The longer-term impact of payment holidays on the mortgage market
The following was written by Ying Tan for Financial Reporter
As lockdown slowly eases and the housing market springs back to life, we are seeing people face even more choices. Many of these will revolve around their finances, and another option to throw into the mix is the recent extension of the mortgage payment holiday.
The introduction of this Government initiative was a highly positive one, and it has served to help struggling homeowners, tenants and landlords across the UK. The latest figures from UK Finance outlined that one in six mortgages are now covered by a payment holiday, with more than 1.82 million mortgage borrowers having been granted a payment holiday by lenders. The trade body also reported that lenders have welcomed the Financial Conduct Authority’s draft guidance consultation and the Prudential Regulation Authority’s related publication on continued support for borrowers via mortgage payment holidays. It has also voiced its support for the halt on involuntary repossessions until 31 October.
Following news of this extension, the Building Societies Association (BSA) published some consumer research to outline perceptions around this form of support. This found that mortgage holidays have helped people in these tough times, with 93% of homeowners saying that it has been fairly or very helpful and just 6% saying that it has not been helpful. However, among landlords, 75% have found the payment holiday helpful but 21% said it has not been helpful.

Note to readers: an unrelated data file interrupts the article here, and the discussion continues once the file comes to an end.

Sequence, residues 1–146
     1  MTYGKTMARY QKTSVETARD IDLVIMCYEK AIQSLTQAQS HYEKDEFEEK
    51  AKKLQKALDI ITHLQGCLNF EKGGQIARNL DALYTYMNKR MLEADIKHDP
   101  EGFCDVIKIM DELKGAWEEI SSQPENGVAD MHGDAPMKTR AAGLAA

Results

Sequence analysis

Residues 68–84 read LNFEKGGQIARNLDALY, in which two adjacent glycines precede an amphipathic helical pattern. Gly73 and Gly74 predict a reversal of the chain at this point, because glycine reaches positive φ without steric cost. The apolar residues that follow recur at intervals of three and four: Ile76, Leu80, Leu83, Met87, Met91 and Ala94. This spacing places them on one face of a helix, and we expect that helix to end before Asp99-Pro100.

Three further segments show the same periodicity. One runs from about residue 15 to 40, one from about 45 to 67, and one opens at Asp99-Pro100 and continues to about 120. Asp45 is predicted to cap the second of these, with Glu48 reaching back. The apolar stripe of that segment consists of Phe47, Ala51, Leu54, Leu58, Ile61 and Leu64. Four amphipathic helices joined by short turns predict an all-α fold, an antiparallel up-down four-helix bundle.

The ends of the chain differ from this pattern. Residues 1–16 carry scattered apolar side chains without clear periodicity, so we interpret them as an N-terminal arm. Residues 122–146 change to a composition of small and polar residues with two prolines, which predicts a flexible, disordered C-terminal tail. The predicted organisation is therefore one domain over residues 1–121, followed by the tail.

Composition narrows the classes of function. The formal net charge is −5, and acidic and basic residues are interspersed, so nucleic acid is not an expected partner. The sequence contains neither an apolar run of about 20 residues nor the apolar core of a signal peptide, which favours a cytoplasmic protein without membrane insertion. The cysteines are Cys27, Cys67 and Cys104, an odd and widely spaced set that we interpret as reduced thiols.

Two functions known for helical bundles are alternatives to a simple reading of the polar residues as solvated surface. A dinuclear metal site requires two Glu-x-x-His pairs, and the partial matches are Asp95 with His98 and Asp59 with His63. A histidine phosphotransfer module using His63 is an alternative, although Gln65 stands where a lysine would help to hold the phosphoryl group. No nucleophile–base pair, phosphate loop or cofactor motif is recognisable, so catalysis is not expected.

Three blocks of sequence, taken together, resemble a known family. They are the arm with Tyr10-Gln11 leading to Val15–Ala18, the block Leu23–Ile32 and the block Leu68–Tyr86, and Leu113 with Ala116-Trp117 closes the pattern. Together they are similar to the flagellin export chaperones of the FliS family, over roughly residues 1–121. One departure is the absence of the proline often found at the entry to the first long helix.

Most borrowers (68%) were reported to be fairly or very confident that they will be able to meet their mortgage payments once their payment holiday ends. However, more than a quarter (27%) are not confident they will be able to pay. The BSA said that lenders will target tailored support for these people in particular, to ensure they get the help they need. Landlords seem to be less certain than homeowners with 34% not very or not at all confident that they will be able to pay. These results indicate that the preferred repayment method for most is to repay over the remainder of their mortgage term with 53% of homeowners and 32% of landlords favouring this approach.
These figures make for some interesting reading. As outlined, this has proved a vital lifeline for those who have taken a financial hit as a result of the recent pandemic. Although it’s inevitable that this will have a longer-term impact on some borrowers, landlords, lenders and the general mortgage market.
All lenders, large and small, have been asked to make difficult decisions across many aspects of their business. They have faced a huge amount of pressure from the Government in terms of having mortgage payment holidays forced upon them at relatively short notice and this extension will place a further burden on lenders. In particular on those non-deposit taking institutions and specialist lenders with securitised assets.
How lenders view these loans and their interpretation of them also needs to be considered. Despite official credit ratings not being directly affected from mortgage payment holidays, it remains to be seen if the uptake of these will impact any future borrowing. For example, if landlords are trying to finance a new purchase at the same time as being on a mortgage payment holiday then lenders may take this into account and could take the decision to reject new applications during this period. And if lenders believe landlords who took the payment holiday don’t have the ability to service their existing portfolio in the future, will this diminish their appetite for further borrowing?
Any payment void will generate more questions from lenders over future borrowing needs. This means that the importance of the advice process will continue to grow as additional complexity emerges from this tough lending period. And the intermediary market will remain a key facilitator in helping a variety of borrowers, new and existing, to meet their property-related needs going forward.